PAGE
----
Toy Story, Monsters INC., Shrek – all are examples of great animated movies that people of any age can enjoy. When I entered the theater on Saturday, Feb 12 to see Gnomeo & Juliet, I held high expectations. Not only was the story based off of a famous love tragedy, but who doesn’t enjoy a cute cartoon? Finally, an opportunity for gnomes to make a name for themselves.
The movie began with a small gnome in a big hat, reading off in a monotone the famed prologue to Romeo and Juliet. He is “interrupted” by a trap door on the stage, the curtains are drawn back to reveal the setting of the movie: A red and blue duplex in the London suburbs, the owners of which are feuding. Naturally, the gnomes of their backyard are also enemies, and compete against one another by obsessively caring for their owners’ gardens.
One of the first scenes in the movie is a lawn mower race, pitting the two gnome families against one another, similar to the sword fight in the beginning of Romeo and Juliet. The scene paints the gnome-Tybalt and the rest of the reds as liars and cheats while emphasizing Gnomeo as the blue hero.
Scattered throughout the movie are subtle allusions to original Shakespeare stories. In the first scene are two mailboxes, one labeled “2B” and the other, “2B” with a line through it. It took me a couple of minutes to understand the reference to the famous Hamlet line “To be or not to be.” The houses are also on “Verona Drive.” There was even a guest appearance by the Bard himself, who truly must be turning over in his grave.
Most of the reason I decided to see this movie was because I had read good reviews, and it is a cute concept: gnome love and tragedy, perfect for this time of the year. But when the lights went up, I was sorely disappointed. The idea had loads of potential to be a very “funny” and “creative” movie, but it seems that producer Elton John did as little as possible with the story and focused on the featuring of his own music in the movie.
Of course, what Romeo & Juliet spin-off would be complete without cartoon representations of Juliet’s nurse and Friar Lawrence. Both characters (a frog named Nanette and a flamingo named Featherstone) well enough represent their part, albeit annoyingly.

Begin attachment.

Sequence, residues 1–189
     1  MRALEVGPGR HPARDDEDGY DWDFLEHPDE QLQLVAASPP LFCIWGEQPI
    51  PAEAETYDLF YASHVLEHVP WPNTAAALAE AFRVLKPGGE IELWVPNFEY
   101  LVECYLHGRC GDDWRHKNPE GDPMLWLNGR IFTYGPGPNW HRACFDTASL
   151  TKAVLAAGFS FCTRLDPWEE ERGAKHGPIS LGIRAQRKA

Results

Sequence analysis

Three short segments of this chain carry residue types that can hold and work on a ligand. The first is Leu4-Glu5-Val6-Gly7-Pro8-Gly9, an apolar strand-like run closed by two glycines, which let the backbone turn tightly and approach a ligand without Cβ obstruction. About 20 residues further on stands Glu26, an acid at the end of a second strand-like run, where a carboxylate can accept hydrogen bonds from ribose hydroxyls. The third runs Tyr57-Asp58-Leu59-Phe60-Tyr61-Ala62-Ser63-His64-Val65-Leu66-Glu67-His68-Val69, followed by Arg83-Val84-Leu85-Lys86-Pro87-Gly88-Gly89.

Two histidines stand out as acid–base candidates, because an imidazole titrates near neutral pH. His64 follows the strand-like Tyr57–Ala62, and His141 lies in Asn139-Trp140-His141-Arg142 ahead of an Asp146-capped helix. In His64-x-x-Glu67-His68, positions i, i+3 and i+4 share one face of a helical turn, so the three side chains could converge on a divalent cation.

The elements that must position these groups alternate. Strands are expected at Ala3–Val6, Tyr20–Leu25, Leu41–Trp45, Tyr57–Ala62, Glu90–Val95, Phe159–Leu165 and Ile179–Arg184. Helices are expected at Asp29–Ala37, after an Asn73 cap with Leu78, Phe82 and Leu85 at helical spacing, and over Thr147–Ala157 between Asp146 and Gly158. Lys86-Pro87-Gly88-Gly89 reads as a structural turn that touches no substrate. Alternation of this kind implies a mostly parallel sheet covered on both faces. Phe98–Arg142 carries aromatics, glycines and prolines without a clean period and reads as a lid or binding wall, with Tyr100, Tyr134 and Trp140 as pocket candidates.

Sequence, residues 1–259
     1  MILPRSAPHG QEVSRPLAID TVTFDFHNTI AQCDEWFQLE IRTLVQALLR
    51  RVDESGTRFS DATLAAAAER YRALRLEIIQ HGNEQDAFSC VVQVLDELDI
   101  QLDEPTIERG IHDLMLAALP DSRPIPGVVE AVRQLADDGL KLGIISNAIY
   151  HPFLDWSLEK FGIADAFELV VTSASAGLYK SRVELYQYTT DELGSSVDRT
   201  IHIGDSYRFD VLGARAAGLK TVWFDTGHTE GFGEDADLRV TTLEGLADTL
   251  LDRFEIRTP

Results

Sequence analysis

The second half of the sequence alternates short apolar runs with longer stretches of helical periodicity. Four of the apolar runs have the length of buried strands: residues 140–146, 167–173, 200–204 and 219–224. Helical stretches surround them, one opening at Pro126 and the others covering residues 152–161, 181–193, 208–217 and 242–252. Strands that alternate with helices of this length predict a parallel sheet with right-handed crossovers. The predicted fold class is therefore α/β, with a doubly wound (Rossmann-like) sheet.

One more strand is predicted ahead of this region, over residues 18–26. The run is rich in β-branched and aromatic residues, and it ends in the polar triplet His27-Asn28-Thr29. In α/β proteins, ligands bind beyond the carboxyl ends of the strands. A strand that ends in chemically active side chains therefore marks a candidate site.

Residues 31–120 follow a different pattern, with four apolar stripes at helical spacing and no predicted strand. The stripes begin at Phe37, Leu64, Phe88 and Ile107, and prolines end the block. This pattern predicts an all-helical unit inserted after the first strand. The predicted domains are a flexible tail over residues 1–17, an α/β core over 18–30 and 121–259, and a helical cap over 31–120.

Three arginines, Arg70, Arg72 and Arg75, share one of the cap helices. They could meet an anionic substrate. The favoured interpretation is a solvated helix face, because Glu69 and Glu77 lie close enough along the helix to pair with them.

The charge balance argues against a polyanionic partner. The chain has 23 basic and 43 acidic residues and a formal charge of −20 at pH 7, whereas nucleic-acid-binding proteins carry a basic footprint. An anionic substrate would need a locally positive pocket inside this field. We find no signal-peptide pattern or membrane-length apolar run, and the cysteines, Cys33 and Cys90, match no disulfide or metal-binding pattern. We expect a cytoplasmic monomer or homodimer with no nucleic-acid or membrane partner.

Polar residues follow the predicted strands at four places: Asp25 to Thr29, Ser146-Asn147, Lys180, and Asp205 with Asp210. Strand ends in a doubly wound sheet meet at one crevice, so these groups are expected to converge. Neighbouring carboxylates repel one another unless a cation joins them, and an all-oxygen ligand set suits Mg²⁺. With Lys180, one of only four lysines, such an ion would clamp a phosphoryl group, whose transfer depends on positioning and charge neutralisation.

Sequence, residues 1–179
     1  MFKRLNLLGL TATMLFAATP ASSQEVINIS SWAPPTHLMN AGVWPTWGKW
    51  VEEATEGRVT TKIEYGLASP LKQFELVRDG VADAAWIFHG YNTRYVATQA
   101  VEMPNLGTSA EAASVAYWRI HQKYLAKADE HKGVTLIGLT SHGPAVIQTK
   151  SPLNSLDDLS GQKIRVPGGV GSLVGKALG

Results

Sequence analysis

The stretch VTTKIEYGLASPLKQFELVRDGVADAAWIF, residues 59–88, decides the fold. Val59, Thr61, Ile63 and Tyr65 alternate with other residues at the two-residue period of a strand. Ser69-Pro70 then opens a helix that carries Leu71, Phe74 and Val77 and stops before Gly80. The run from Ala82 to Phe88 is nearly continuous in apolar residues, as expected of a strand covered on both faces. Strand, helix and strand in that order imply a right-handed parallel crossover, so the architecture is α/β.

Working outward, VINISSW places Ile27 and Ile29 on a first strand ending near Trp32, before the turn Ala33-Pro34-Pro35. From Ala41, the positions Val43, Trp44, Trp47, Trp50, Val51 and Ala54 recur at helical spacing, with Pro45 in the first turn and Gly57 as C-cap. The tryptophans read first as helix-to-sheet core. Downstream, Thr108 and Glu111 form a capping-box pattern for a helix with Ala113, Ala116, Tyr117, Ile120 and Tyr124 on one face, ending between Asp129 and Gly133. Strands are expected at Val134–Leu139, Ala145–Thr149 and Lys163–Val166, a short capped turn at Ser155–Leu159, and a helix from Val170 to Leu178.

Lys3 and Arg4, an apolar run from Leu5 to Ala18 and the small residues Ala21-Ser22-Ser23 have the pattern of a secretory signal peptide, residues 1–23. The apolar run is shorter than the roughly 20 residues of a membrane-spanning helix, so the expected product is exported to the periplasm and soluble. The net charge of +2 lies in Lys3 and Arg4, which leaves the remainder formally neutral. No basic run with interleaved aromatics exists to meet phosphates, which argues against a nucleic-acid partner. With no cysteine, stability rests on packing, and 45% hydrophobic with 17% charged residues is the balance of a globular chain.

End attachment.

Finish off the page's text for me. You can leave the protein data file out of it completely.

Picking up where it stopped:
Gnomeo had trouble keeping their plot line original; granted, a tough task for a story based off of a classic – but the film fell down on the job when it came to being originally quirky. If a human enters the scene, the gnomes quickly freeze in whatever activity they are doing so as not to be discovered alive and mobile.
Truly the only “laugh-out-loud” part of Gnomeo & Juliet was the commercial for “The Terrafirminator,” the extreme lawn mower that the blue’s wanted to replace their broken mower. Voiced by Hulk Hogan, the mower “was a weapon of grass destruction” and would make your grass “afraid to grow.”
But then came the famed scene – gnomes dueling, Gnomeo and Juliet saying their final goodbyes as the Terrafirminator tore apart the backyards and targeted Juliet’s tower. When the dust cleared, showing the destroyed tower and Gnomeo and Juliet nowhere to be seen, the families put aside their differences and grieved for their children. BUT WAIT! What’s that sound? It’s Gnomeo and Juliet pulling themselves out of the wreckage and living happily ever after!
Shakespeare would never have let this happen!
In hindsight, expecting tragic deaths in a G-rated movie was probably my own mistake, but I had high hopes that Gnomeo & Juliet to be much more than it amounted to. I anticipated that this retelling of a classic love story would be appropriate for this time of the year – with no Winterfest or Valentine’s date, seeing true love die would surely lift my spirits. Not only did the main characters NOT die, but they made me want to!
Many reviews call the movie “adorable,” “creative,” and “funny.” One even said that “It’s not as bad as it sounds.” In the movie’s defense, I am not in its targeted demographic, but even still – Shrek managed to keep me interested; Pixar and Disney movies from the late nineties still today manage to make me laugh more than Gnomeo & Juliet did.
What has happened to the Disney image, that unlike one decade ago, the franchise is having trouble coming up with original ideas. I remember the days of Toy Story, and the magic of toys coming to life in secret. The days of Monster’s Inc., where scaring children was the job of monsters, until one little girl changed everything. But Gnomeo & Juliet not only takes and bastardizes a classic story, but crafts a movie that is completely forgettable.
But what I will not forget is the fact that I lost 84 minutes and $10 to see Gnomeo & Juliet, and the only thing that I took away from it is that if my backyard came to life similarly to the plot of the movie – I’d move to the city.
Virginia Reed is a superb writer and an even better friend. She enjoys unhealthy foods and writing sarcastic articles. Virginia is the Online Editor for the 2011-12 school year and was a Managing Editor for the 2010-11 year but has not forgotten her humble beginnings as a staff writer when she was a wee sophomore. Her goals for the future are to get an A in newspaper and to apply to college in a timely fashion.